For example, in all good faith one might ask, What was Jehovah doing before he created Jesus, by whom he made all other things? If Adam and Eve had repented, would God have forgiven them? What happened to the bodies of those who perished in the Flood? Did the expensive gifts brought to the babe Jesus make Joseph and Mary rich for the rest of their lives? What did Jesus do between the ages of twelve and thirty besides his carpentering? How would Jehovah have redeemed the race if Jesus had not proved faithful? Exactly how long did Jesus’ trip to heaven take? Much time could be spent conjecturing on such matters.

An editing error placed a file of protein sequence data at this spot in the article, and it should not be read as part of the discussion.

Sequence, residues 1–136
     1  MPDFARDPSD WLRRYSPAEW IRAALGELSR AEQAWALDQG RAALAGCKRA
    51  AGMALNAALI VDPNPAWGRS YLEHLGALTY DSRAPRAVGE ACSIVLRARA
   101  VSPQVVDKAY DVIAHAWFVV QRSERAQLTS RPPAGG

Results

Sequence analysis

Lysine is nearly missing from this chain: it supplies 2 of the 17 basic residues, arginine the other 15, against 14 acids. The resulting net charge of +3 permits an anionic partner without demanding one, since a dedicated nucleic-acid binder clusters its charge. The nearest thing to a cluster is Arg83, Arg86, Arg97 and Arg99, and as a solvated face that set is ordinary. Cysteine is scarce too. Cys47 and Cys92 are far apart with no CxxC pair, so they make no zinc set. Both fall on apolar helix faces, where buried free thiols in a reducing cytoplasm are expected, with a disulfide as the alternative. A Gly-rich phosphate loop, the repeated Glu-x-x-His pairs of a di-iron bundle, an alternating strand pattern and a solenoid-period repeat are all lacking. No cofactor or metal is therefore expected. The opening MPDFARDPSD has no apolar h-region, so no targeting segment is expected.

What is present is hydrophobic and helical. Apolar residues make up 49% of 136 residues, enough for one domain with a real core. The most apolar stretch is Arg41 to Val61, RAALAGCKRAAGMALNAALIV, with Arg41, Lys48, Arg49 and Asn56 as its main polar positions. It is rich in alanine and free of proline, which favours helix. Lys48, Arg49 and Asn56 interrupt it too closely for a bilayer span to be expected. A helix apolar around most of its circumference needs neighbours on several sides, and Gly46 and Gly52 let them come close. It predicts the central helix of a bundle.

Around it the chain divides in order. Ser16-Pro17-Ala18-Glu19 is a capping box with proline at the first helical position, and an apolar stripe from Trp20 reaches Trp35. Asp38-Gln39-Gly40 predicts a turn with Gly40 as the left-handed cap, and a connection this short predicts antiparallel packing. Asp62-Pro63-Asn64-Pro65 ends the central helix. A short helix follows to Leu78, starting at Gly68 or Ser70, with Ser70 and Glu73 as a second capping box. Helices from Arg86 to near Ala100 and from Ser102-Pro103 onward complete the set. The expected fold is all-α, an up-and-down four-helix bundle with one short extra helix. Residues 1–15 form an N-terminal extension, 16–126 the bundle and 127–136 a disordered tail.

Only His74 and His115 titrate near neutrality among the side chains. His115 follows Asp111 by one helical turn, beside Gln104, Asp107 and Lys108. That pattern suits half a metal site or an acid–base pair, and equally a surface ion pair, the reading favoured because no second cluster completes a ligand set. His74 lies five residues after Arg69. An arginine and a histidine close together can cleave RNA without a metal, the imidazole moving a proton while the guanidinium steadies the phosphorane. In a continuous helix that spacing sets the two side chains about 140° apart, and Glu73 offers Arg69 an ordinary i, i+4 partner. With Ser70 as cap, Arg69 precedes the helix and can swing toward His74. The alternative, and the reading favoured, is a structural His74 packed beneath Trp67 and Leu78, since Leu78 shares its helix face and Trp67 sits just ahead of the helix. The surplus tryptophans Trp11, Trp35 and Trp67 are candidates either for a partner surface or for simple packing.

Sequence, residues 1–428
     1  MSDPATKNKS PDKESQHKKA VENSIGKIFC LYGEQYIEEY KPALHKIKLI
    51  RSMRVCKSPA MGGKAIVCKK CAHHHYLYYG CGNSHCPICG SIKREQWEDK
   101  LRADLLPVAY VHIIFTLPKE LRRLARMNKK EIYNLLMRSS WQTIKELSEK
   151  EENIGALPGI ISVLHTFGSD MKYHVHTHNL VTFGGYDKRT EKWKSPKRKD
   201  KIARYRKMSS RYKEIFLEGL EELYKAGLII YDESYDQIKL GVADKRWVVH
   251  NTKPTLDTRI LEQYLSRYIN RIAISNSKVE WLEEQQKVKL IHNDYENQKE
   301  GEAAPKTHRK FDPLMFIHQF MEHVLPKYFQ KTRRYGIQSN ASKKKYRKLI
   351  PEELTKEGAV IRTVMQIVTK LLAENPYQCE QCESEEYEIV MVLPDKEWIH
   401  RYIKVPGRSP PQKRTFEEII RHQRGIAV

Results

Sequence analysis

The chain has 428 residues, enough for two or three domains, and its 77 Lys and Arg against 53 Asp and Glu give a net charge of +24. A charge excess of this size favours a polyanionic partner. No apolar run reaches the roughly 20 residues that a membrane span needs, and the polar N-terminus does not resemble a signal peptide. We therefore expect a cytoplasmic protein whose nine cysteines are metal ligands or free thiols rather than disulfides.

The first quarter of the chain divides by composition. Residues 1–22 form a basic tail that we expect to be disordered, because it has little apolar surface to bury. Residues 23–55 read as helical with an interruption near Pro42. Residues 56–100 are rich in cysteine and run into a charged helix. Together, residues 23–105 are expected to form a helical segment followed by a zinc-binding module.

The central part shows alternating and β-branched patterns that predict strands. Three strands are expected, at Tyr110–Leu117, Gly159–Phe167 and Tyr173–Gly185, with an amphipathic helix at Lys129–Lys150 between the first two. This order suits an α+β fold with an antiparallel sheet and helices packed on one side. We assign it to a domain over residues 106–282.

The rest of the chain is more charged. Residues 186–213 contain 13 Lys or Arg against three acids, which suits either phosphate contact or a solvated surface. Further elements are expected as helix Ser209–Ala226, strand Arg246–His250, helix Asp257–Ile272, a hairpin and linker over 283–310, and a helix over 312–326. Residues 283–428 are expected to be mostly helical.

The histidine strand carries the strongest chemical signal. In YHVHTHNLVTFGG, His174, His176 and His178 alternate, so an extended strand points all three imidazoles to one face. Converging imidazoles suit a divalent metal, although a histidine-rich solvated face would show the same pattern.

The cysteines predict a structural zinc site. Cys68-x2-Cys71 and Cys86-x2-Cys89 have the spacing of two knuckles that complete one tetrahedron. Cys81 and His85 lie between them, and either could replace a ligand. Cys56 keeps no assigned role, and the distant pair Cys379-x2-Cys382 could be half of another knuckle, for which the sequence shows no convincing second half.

Likewise it is possible to spend valuable time speculating on matters concerning the future. One might ask, In what year will Armageddon begin? Will the faithful angels eventually receive immortality? Will there be factories and machines in use after Armageddon? Will men wear beards again? What will be the medium of exchange in the new world? Will women now past the age of childbearing share in the procreation mandate? If dedicated parents and children happen to die before Armageddon, which parent will raise the resurrected children, since resurrected mates will not remarry? (Luke 20:35) These are typical questions to which Jehovah has not provided answers at this time. Do you think it wise for Christians to take time from more profitable Bible study to speculate on the answers? Consider the dangers involved.